Fake news about the novel coronavirus disease is a rampant problem across our social timelines. Think misinformation about treatments, symptoms and anecdotes tainted with racism and xenophobia.
As scientists and health professionals are still scrambling to find a cure, and even contain the outbreak, falsehoods can resonate more than they might during a time of confidence and stability.
New Jersey, which has roughly 2,000 confirmed cases of COVID19, has partnered with New York-based Yext to get accurate and up to date information out to residents. Yext partners with businesses to send verified answers to consumers, and, in this case, verified information about the outbreak to residents.
The New Jersey Office of Innovation and Yext created an online portal tacking live state updates and orders, testing information and assistance information for businesses and employees. It also has a hub that presents the most researched questions, like “how can I prevent myself from getting the virus” and gives answers from scientists.
If you scroll to the bottom of the portal, there’s an interactive map detailing COVID-19 cases by county. Beyond the portal, residents can find information through Yext integrations with Google, Bing, Alexa, Siri, Apple Maps, Uber, Lyft, Facebook and more.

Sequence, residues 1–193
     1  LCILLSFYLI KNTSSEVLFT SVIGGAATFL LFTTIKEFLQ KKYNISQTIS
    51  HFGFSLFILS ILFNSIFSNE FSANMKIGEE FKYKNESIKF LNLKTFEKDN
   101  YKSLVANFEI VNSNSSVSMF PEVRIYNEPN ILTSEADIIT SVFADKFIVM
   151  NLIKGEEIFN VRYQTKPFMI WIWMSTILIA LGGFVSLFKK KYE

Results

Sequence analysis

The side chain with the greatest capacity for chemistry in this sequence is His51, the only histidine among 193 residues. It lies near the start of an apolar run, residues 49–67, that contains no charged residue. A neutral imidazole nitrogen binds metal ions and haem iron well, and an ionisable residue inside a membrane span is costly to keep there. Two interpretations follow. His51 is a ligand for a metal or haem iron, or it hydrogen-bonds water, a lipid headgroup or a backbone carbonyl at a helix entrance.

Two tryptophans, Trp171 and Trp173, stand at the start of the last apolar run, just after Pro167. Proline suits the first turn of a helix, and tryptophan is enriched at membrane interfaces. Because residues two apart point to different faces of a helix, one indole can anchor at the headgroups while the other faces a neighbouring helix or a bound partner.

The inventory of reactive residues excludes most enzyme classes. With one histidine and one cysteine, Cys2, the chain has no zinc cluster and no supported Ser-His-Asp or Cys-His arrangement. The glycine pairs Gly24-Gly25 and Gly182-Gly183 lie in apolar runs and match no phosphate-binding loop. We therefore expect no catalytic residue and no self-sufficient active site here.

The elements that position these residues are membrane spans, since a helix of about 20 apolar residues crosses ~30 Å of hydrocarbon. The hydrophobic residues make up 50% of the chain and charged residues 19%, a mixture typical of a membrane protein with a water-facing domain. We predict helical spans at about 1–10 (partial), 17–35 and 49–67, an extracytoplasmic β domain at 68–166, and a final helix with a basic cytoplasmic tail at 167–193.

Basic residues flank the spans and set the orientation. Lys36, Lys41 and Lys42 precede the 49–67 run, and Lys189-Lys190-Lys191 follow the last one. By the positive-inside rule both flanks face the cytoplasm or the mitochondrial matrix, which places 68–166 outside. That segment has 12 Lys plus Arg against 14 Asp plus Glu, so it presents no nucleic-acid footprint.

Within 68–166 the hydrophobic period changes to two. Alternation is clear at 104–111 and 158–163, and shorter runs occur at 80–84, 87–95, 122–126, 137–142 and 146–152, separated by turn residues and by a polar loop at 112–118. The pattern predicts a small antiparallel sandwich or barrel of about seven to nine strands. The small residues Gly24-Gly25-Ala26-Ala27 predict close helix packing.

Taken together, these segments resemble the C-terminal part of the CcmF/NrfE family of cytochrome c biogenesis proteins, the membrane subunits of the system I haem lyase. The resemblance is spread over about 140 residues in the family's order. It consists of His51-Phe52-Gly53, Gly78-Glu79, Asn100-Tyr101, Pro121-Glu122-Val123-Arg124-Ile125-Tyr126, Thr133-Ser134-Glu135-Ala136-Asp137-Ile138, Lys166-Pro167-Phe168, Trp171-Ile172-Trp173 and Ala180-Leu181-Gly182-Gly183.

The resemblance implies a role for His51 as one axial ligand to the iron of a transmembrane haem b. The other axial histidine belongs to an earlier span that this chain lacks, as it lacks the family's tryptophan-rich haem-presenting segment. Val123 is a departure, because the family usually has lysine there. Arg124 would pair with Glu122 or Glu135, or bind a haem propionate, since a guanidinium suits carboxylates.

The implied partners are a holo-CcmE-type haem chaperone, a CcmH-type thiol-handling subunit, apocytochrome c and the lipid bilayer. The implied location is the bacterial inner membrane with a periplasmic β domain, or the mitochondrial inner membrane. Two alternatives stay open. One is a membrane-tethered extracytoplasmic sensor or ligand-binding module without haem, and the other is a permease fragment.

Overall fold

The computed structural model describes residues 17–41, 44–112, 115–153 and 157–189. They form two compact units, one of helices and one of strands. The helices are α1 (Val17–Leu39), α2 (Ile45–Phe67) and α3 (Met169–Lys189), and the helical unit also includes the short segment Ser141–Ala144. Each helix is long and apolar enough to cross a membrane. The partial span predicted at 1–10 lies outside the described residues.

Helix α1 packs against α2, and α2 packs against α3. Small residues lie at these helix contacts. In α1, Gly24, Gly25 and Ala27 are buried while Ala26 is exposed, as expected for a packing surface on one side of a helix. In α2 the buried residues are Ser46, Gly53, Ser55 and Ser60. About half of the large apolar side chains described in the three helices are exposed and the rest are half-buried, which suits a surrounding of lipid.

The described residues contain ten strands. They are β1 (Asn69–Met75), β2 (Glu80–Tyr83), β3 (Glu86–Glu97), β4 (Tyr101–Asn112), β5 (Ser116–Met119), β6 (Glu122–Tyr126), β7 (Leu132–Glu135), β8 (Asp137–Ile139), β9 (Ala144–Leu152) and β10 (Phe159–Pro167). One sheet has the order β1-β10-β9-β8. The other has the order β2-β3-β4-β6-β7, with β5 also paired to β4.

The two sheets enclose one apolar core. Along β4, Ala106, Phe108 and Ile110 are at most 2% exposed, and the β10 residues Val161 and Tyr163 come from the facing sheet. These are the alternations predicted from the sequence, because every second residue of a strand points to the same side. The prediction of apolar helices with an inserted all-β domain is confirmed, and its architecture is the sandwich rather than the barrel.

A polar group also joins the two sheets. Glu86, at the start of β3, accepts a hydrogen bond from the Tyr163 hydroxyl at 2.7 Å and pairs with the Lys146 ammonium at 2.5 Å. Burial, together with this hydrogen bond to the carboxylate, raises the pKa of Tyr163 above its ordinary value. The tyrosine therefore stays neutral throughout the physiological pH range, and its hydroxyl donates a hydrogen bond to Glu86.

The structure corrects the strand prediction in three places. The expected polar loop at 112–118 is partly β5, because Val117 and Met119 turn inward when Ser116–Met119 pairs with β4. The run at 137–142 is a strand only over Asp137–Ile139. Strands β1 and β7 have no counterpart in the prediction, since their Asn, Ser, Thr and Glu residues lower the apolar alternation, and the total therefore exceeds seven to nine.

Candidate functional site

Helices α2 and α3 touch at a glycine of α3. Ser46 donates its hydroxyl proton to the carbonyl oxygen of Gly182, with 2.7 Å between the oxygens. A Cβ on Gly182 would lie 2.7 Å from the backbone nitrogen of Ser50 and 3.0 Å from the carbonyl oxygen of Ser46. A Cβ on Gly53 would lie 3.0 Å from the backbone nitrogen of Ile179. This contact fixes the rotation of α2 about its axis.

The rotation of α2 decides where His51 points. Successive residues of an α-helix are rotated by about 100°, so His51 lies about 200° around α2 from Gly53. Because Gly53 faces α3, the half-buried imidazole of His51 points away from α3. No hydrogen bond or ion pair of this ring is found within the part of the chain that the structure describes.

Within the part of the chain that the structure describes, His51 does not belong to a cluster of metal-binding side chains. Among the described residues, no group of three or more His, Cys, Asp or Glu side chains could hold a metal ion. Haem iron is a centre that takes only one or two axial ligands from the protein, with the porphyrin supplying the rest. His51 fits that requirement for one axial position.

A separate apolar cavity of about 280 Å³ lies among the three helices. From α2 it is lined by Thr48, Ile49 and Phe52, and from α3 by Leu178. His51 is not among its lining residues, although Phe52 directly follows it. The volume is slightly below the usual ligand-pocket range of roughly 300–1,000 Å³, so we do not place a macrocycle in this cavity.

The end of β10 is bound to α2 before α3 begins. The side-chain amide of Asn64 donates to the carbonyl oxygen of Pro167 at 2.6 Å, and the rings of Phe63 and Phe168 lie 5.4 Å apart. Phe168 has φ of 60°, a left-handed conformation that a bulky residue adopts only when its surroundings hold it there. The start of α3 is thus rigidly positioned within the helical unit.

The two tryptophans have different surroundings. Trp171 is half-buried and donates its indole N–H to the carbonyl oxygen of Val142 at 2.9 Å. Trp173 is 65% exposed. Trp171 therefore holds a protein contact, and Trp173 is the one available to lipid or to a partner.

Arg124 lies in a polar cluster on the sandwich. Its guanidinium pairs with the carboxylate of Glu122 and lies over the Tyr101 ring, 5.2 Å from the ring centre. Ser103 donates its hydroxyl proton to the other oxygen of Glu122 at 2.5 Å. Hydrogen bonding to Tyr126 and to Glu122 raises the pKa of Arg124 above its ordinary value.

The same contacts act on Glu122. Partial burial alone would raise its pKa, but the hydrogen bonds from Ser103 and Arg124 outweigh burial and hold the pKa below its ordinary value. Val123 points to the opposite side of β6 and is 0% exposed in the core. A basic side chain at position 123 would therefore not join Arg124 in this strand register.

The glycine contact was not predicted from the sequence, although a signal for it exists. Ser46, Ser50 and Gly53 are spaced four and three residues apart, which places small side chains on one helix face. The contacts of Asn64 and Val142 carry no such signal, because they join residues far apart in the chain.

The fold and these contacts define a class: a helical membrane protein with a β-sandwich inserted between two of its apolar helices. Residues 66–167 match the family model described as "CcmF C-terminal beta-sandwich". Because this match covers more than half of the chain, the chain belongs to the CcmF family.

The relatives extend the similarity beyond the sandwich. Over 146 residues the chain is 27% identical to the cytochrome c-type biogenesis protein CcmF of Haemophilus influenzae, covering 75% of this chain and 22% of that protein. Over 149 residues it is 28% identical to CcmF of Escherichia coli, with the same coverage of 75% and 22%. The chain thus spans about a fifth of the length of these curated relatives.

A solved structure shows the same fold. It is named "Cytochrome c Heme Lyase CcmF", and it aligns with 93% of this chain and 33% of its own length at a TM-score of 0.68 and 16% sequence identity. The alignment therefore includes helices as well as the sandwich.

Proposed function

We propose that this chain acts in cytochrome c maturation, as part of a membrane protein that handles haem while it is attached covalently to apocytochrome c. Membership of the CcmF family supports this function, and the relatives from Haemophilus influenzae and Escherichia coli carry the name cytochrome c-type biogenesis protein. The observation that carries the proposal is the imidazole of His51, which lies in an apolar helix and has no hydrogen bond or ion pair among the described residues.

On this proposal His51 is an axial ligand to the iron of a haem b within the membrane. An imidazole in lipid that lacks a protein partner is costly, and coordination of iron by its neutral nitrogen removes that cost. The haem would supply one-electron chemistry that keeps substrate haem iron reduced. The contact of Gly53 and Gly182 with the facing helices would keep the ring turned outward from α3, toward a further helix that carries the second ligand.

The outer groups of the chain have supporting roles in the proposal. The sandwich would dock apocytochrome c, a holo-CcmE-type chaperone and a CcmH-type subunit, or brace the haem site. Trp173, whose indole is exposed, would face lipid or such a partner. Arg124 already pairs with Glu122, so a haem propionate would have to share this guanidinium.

Yext is working with other state agencies and businesses right now and offering its services pro bono, after seeing an uptick of users searching for COVID-19 answers on its platform. The New Jersey online portal was initiated and launched in five days, per a blog post.
This isn’t the first example of fighting misinformation that we’ve seen. WhatsApp, a Facebook-owned messenger system, has become a hub for misinformation spread through viral texts. This weekend, to help people “prepare, not panic,” India launched at chatbot on the popular platform to create awareness about COVID-19 (and my mom, who is in New Jersey but lives on WhatsApp, says she received messaging about it).
Twitter responded to fake news threats by prioritizing its blue checks, its verification badge, for experts and professionals around COVID-19 so users can know when facts are coming from a trustworthy source.
It also broadly banned any tweets about COVID-19 that could help the virus spread. Ideally, this would target tweets with false claims about the outbreak. Twitter’s efforts proved weak when a tweet from Elon Musk about how children are not vulnerable to coronavirus did not get deleted.
We’re also seeing efforts from the CDC and WHO to make sure everyone is informed on best practices during this scary time. The flurry of efforts of different organizations, both private and public, comes to show that while washing hands is an important tip to remember, our education, when accurate, most definitely shouldn’t stop there.